A few words today about actor and comedian Robin Williams, who died yesterday in tragic circumstances. He was a fixture of my entertainment landscape since childhood, a mercurial clown who seemed to pop up everywhere with the right quip on the tip of his tongue, the funniest and smartest guy in whatever room he happened to occupy. I didn’t enjoy all his work, but when he was good, he was very, very good. He made me laugh, and he made me think, usually at the same time, just trying to keep up.
This is a moment I particularly enjoyed, from the film Dead Poets Society, in which Williams portrays a teacher with a singular talent for inspiration:
Robin Williams was a man blessed with a genius for assuming a thousand identities in rapid succession, at a moment’s notice, but it seemed to me as I watched him over the years that he was unmoored from his own identity—a brilliant chameleon struggling to remember the original color and pattern of his own skin. He battled addiction and depression, common hazards of his chosen profession.
Here’s another humorist who was battered by depression, and an image of how it might have felt:
Comedians, in their private lives away from the spotlight, are often profoundly unhappy people. Not always, but often. Part of what gives comedy its satiric bite is a keen awareness of all that is fundamentally wrong with the state of mankind. The injustices. The petty indignities. Promises unkept and expectations unmet. Routine evil and casual horror. The savagery lurking beneath our thin veneer of civilization.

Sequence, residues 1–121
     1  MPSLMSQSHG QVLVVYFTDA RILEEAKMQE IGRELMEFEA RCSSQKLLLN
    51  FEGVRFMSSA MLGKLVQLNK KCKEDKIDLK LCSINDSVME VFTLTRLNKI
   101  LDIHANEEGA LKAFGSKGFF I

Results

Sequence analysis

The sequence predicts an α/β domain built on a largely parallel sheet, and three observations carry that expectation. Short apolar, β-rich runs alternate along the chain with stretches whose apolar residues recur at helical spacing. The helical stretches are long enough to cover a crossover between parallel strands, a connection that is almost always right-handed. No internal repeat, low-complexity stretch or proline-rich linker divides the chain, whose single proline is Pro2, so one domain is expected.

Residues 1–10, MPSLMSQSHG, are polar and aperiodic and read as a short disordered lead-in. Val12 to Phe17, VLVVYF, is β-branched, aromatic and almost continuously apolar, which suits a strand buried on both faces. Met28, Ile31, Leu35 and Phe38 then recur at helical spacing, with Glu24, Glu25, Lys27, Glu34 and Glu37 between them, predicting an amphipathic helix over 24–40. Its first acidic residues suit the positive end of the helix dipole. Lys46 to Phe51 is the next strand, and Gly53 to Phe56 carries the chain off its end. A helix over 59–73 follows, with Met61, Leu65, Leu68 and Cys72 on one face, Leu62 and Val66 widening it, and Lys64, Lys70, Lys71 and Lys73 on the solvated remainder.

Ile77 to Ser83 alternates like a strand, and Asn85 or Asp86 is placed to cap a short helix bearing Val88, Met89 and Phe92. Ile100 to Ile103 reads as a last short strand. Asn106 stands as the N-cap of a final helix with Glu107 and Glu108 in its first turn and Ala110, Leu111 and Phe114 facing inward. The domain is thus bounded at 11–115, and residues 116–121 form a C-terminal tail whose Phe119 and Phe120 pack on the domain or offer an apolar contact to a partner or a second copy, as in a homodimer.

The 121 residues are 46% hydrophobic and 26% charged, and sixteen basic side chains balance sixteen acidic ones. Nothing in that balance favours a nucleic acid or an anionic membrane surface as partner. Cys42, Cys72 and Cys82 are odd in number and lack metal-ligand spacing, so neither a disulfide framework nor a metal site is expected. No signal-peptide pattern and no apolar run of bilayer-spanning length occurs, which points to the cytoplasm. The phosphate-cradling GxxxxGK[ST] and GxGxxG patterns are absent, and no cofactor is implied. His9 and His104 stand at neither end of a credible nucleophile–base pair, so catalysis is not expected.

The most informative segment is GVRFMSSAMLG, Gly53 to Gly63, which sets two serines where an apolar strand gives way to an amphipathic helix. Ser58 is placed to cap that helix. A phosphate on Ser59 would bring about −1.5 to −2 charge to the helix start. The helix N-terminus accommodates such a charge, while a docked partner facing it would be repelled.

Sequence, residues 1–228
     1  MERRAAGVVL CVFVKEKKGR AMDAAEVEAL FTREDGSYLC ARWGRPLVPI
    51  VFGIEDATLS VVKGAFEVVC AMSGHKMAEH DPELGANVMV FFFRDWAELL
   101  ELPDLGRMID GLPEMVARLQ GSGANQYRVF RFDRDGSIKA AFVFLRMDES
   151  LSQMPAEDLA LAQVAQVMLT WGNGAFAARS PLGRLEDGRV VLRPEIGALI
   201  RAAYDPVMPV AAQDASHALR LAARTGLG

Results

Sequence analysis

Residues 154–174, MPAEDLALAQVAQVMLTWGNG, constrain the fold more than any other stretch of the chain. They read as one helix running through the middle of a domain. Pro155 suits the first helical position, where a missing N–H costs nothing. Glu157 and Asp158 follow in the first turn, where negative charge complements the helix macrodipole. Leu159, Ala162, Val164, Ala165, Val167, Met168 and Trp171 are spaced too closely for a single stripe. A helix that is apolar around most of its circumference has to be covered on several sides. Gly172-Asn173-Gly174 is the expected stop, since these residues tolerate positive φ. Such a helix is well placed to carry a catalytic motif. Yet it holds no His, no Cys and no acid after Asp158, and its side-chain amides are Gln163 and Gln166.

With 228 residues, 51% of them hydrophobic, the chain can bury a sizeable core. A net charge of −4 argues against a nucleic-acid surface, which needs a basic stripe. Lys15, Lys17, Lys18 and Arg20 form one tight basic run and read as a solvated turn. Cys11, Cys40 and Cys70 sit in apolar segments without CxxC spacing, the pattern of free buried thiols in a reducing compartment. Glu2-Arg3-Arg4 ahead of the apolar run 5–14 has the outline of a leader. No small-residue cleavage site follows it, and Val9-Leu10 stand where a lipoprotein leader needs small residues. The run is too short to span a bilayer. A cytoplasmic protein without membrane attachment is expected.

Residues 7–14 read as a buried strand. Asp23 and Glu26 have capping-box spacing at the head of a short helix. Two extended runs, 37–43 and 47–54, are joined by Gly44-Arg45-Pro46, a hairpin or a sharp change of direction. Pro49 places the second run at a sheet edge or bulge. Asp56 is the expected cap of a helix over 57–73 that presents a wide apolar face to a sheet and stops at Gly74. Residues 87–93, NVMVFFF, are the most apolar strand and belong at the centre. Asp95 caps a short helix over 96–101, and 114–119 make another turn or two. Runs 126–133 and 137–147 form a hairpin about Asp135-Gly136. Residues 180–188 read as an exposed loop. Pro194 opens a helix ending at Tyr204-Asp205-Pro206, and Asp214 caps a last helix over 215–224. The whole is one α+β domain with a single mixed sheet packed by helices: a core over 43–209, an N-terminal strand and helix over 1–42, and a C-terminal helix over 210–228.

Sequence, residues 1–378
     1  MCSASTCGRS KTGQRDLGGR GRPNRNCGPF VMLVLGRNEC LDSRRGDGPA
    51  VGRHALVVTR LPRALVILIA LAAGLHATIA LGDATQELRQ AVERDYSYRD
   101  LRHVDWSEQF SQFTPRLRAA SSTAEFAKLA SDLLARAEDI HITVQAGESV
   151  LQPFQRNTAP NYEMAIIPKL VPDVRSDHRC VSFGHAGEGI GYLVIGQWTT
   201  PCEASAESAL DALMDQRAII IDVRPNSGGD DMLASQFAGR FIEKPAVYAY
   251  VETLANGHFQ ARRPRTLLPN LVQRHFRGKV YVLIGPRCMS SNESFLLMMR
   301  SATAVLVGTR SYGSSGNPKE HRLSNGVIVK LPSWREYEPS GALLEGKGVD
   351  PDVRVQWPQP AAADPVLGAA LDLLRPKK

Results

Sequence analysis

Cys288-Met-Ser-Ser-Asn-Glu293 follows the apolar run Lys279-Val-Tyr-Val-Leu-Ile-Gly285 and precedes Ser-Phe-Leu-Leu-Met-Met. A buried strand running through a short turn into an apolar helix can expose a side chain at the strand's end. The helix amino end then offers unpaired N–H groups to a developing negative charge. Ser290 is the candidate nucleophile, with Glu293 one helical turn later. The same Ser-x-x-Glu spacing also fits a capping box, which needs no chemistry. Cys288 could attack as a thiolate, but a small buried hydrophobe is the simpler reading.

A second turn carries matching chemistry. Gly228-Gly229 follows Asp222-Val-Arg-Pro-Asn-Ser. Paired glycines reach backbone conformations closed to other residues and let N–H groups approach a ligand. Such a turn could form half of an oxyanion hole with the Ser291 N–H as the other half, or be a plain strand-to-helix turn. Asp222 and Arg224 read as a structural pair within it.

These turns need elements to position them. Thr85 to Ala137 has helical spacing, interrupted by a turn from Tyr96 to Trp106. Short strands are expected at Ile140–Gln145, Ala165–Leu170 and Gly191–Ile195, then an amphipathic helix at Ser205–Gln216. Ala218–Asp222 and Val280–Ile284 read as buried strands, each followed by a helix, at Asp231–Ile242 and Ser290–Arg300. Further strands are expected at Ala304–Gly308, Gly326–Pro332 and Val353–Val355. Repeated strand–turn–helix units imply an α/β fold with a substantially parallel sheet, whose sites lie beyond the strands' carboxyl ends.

It’s no accident that the iconic symbol of the dramatic arts pairs comedy with tragedy.
Comics are the little child who, alone among the multitude, ridicules the naked emperor. They’re the Shakespearean fool who deals in snide, ugly insights the king’s advisors could never dream to utter. They’re the wild-eyed eccentric standing on the corner in tattered clothes, waving a dirty square of cardboard with a greasy black scrawl: Repent, for the End is Nigh.
They force us to confront that from which we turn away, covering our eyes. They dispense harsh realities in tiny, colorful pills, candy-coated with laughter. We’ll comprehend the bitter truth later, after a season of digestion, but it will do us good. The best comedians lift a measure of life’s burden from our shoulders for a moment, even as they open our minds and prick our consciences, and we love them for it.
But who bears their burden after the show’s over, after the crowd’s gone home and the floor’s swept, when they’re left alone in the darkness and the silence on an empty stage to contemplate this broken world they see all too clearly?
Who offers laughter to the clown?